That’s what we were all saying to the wind gods who plagued the 6 Meter Europeans in Falmouth U.K,.this week. The Europeans ended today on a whimper in another dying breeze day and concluded a non event since the required five races was not achieved to establish a series.
Today was the make up day and with fingers crossed we all headed to the boats for the early start time with high hopes for two or possibly three races today. There was no time to grab a breakfast pasty or really bad coffee from Tesco as we had to get out and attack the morning breeze, which sadly did not arrive.
Still, we all headed out to the course and the PRO ultimately sent us on our way in what looked like light but reasonably steady breeze. Unfortunately, the breeze died and while the modern division managed to limp over the line the classics could not overcome the 0-2 knot gusts against a building adverse tide.
On US 83 Llanoria, we match raced a lobster pot for about half an hour and were soundly beaten. At that point we radioed the RC and let them know we were retiring. Other boats anchored for a while and the PRO, Chris Hadden, finally let the classics know that we were done.
Normally – after having three and a half days of being skunked for wind – there would be lots of grumbling, but everyone took it in stride. There was really nothing that could have been done with zero workable wind despite the admirable efforts of the race committee.
I’ve taken a few swipes in my reports and they’ve all been justified, especially calling out certain teams who had support boats that could have helped tow boats in (after being asked to) but chose not to, while others went over the top to help. The 6 meter fleet is chock full of really great people who are enthusiastic, love their boats, and partaking in an event that became a non event did not damper the overall feeling of general camaraderie among the bulk of the competitors.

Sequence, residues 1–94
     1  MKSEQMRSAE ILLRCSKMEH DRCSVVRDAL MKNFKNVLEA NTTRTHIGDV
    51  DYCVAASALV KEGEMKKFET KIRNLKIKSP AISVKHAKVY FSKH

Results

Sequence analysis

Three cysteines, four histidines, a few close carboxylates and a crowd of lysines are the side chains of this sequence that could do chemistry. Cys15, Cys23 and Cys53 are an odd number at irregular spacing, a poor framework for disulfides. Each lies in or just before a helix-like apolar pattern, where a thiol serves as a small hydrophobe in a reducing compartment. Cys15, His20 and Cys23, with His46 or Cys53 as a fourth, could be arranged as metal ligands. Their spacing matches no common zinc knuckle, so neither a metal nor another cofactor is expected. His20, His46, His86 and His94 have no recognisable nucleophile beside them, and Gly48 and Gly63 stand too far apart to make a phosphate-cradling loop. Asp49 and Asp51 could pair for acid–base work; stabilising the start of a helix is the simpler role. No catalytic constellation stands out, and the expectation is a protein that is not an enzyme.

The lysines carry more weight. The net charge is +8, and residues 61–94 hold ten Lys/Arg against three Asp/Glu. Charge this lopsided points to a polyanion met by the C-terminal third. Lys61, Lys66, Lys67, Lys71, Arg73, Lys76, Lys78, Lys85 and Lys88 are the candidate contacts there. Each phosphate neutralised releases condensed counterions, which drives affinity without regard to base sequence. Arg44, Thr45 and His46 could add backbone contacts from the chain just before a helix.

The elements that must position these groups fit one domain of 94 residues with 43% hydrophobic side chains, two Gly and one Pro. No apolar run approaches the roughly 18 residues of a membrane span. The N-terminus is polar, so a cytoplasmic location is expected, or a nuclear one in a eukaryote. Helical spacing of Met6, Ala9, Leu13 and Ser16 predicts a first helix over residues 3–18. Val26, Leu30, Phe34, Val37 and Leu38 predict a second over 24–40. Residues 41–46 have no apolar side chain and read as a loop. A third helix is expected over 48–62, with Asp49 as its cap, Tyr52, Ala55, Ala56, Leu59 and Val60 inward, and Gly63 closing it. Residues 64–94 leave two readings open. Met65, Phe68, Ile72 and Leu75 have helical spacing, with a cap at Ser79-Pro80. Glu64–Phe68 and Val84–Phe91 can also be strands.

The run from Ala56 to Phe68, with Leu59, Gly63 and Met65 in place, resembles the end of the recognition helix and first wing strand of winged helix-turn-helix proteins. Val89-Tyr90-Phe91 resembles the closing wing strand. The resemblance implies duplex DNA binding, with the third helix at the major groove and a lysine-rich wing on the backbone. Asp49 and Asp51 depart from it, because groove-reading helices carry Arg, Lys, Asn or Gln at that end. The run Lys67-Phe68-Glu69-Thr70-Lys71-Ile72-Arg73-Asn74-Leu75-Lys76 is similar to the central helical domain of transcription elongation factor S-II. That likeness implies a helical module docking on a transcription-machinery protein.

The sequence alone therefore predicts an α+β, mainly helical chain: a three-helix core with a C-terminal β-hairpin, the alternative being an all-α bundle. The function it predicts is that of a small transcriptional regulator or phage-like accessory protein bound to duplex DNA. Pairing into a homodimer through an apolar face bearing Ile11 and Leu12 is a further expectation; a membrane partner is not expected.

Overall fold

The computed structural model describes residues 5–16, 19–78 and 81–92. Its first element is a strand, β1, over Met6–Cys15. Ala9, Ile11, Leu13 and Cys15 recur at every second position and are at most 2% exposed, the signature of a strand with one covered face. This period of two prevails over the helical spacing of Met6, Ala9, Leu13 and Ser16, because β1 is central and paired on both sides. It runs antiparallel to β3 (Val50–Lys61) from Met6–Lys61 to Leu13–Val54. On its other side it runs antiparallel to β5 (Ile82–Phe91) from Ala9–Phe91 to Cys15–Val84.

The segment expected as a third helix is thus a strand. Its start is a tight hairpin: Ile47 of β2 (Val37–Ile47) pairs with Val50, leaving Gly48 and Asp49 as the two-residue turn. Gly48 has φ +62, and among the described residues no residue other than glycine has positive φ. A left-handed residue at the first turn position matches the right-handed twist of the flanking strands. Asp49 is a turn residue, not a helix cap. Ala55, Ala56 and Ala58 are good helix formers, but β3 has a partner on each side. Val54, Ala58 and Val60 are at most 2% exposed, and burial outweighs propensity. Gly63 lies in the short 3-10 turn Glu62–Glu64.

The race committee team really deserve some praise for doing everything possible to get the fleet racing. The British Open had some of the best 6 meter racing I’ve done with nice breeze and good courses. I for one am going to miss the voice of the radio time keeper, whom I nicknamed Davros (the imperial Dalek leader) with his count offs and when he announced ‘one minute to orange’ was eerily reminiscent of ‘orange alert’ from the classic 60’s series The Prisoner. All joking aside, the team on the Buccaneer Charlie and all the mark boats deserve a big hand and everyone appreciated their efforts!
The North American’s will be held in Vancouver in September, the site of the 2017 World’s. It promises to be a great event with several European teams coming over to test the waters. The official site is and you can find lots of shots from the British Open and Europeans as well as notices for the NA’s.
I’ve been racing 6 meters for five years now and race everything from Vipers to large high performance boats. The 6’s are amazingly cool to sail because whether you are in a modern or classic, there is plenty to do in these highly tweaky boats! If you get a chance, go for a sail on a tuned up classic or modern, you will be impressed!
The British Open winning team of US 83 Llanoria consisted of Eric ‘Jumbo’ Jespersen (helm), Chris ‘Snapper’ Winnard (Main/Tactics), Rodger ‘Nudger’ Phillips (Genoa/Spin), Peter ‘Noddie’ Hoffman (owner/ cockpit) and last but not least, Ross ‘Bubbles’ Jespersen on bow. We had a fantastic time in Falmouth and local comedy legend Jethro will be handing out the Snappie awards later this year in front of the Oggy Oggy Pasty Shop with musical guests, The Wurzels. Photos – credit Dana E Olsen.
-Chris ‘Snapper’ Winnard